“I believe I am a Good Man, but would like to become a better man, so I thought I would like to be a Freemason.”
I cannot imagine a better reason to seek out the light in masonry. He went on to explain the steps he took to enable him to join and, his appreciation of the brethren who had assisted him thus far.
He then turned to address the W.M. and requested him to meet with him on the level, reaching out his hand to the W.M. He remarked how pleased he was that Masonry would accept him and, even though he was newly admitted, how impressed he was that this experienced brother, who had risen to become the master of the lodge, would still meet him as an equal.
This reinforced in me that actions speak louder than words.
As this brother returned to his seat, I remember thinking, I would not want to be the brother who was to speak next. Masonry does have a different meaning for each of us, but for all of us, it includes the practice of morality.
Brethren, so often, we struggle to solve a problem when the solution is right in front of us.
My wife often remarks to me “don’t over think it, just do it.”
We do not need to explain masonry, just live our lives by the principles it teaches us and masonry will explain itself. If we strive to fulfil all the teachings and values that recur so frequently in our ritual, we will come closer to achieving that state of perfection of an ideal Mason, outlined in the Final Charge of the Installation ceremony. It is by this example, that a non-mason may obtain a favourable opinion of our order.
A brother whom I held in high regard, in his wisdom, told me that Freemasonry takes care of itself and that people will find what they seek in it. At the time, this seemed a peculiar answer to me.
However, in time, I understood. I truly have to say he was right.
If you only seek a ring, you will only have one.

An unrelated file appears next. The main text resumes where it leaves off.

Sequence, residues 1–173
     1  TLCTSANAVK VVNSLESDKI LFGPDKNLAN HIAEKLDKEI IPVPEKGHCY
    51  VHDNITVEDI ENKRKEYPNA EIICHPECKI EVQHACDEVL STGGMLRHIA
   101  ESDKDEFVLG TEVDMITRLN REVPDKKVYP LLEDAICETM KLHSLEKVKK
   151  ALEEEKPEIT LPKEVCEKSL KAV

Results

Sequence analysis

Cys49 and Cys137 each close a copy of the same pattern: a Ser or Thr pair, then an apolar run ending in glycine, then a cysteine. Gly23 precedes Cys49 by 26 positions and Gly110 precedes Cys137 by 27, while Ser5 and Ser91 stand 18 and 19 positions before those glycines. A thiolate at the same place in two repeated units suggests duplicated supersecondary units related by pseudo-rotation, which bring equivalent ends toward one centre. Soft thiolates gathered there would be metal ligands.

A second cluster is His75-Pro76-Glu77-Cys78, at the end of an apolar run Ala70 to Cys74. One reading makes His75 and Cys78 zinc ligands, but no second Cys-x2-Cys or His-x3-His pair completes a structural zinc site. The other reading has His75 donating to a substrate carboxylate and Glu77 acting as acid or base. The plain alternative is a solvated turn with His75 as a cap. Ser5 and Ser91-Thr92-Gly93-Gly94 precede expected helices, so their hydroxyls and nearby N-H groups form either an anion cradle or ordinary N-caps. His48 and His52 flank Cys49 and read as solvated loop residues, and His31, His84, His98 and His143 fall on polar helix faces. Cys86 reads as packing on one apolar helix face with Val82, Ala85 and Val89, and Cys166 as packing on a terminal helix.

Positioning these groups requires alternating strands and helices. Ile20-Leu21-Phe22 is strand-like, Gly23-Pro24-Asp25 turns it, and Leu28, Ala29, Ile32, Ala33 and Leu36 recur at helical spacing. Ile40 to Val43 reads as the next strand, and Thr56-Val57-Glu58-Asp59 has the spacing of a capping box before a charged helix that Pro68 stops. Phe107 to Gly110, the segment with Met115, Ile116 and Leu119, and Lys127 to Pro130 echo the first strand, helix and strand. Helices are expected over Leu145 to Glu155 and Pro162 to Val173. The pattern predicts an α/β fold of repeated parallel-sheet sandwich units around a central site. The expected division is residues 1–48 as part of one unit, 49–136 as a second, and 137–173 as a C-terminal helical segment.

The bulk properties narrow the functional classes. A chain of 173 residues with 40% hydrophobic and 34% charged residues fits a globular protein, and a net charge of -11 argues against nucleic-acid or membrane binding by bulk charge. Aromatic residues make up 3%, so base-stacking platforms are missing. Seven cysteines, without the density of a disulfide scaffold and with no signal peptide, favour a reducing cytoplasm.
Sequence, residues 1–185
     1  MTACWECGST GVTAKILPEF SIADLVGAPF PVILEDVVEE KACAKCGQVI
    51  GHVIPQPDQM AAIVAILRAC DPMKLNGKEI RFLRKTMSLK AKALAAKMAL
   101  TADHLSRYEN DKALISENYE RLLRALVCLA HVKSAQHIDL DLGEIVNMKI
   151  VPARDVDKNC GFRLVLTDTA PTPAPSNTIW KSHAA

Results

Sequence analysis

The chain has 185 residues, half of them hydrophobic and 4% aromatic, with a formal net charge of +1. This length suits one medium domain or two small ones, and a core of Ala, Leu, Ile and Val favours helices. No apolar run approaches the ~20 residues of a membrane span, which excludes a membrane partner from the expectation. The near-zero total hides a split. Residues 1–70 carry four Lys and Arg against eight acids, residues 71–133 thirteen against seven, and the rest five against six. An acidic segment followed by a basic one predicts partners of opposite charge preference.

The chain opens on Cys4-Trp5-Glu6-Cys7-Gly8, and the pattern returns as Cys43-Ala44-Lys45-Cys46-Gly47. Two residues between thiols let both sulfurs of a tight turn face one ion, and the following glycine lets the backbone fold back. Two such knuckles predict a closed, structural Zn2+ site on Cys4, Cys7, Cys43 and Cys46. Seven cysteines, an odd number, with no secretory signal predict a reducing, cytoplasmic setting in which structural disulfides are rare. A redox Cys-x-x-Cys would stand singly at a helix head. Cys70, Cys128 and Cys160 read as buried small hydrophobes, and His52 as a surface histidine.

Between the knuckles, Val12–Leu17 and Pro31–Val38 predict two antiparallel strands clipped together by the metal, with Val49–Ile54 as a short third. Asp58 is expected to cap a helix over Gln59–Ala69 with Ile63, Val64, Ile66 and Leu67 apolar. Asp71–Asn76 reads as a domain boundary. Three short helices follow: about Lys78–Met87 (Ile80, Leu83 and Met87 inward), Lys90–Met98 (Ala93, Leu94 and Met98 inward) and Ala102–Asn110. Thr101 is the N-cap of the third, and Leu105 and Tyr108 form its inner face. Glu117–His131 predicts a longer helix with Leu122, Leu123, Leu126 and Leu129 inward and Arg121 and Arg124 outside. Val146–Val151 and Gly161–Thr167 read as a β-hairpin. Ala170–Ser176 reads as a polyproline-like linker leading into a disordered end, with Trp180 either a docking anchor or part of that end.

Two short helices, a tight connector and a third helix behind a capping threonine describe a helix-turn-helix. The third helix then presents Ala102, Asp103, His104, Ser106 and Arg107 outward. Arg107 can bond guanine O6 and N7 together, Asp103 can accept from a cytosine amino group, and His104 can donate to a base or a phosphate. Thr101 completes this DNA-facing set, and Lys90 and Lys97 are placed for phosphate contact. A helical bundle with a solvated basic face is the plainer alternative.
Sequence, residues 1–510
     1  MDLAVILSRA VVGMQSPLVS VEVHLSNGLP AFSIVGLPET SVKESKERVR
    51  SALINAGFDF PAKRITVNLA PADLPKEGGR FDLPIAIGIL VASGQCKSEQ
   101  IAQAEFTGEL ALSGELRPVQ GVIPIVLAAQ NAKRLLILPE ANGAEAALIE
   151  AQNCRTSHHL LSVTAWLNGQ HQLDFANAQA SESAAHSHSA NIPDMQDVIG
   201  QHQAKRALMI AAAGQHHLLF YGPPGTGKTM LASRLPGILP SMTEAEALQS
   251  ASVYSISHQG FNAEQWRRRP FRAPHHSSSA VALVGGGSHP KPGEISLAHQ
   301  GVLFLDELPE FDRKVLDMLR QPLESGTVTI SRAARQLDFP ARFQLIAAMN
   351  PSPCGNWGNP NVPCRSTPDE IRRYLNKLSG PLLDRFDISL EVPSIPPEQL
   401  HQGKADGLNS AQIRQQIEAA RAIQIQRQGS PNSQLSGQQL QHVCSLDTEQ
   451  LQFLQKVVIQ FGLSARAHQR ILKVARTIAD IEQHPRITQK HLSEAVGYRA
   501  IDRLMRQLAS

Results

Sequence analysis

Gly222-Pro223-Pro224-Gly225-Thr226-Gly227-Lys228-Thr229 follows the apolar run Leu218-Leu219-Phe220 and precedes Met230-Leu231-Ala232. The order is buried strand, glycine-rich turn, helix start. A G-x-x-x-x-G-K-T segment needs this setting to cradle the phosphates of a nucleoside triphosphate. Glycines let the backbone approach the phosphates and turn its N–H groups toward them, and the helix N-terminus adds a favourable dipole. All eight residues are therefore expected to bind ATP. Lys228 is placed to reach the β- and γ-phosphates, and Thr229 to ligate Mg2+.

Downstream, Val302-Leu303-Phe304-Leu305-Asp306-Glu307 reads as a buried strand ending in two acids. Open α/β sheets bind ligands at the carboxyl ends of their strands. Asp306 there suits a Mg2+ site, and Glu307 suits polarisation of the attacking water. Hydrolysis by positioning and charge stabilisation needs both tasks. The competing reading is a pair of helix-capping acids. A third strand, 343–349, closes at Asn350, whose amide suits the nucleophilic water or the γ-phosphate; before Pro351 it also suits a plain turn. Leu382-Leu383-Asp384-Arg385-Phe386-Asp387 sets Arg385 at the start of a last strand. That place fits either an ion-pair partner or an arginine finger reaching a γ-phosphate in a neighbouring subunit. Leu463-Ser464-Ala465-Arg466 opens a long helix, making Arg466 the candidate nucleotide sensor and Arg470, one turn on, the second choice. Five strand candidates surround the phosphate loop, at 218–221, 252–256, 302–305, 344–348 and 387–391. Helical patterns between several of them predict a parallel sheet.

If you seek knowledge and truth, you will have a path that will guide you on a journey for the rest of your life.
Though we all come for different reasons, we will find what we seek.
The first lecture given to our candidate from the Mentor’s programme informs him “the basic principles of Freemasonry include brotherly love, relief and truth. That is to say, we strive to be friendly, kind and sincere in all our dealings with others. In Masonry, you will find men of good will and high ideals, men who believe in the existence of a Supreme Being and, in addition, men who try to live in a spirit of universal brotherhood.
In general terms, a Masonic Lodge is a place where all can work together looking towards a brighter tomorrow. Or, as we all have heard on many occasions from the General Charge, “to be happy ourselves and to communicate that happiness to others.” Brethren, as I drove home that evening happy that I had attended lodge. I knew that from that moment forward, if anyone should inquire of me why I had chosen to become a freemason, my reply would be,
“because I believe myself to be a good man who wanted to become a better man.”
As our Grand Master, M.W. Bro. John C. Green said, “Brethren, never be afraid to display the pride you have of being a Mason to those around you in your daily path of life.”
So, Dear Brothers, at this last Official Visit of my term, I thank you all for your support and let you know I love you all, my Brothers. I will now ask you one last question,
“Why did YOU become a Mason?”
To those who read this paper, be they Freemasons or not, I believe the message is extremely clear.
Why would we not want to be in the company of men who have the same ambitions as ourselves and are not only willing to share the JOURNEY with us but provide assistance, along the way
Have a Wonderful Day & God Bless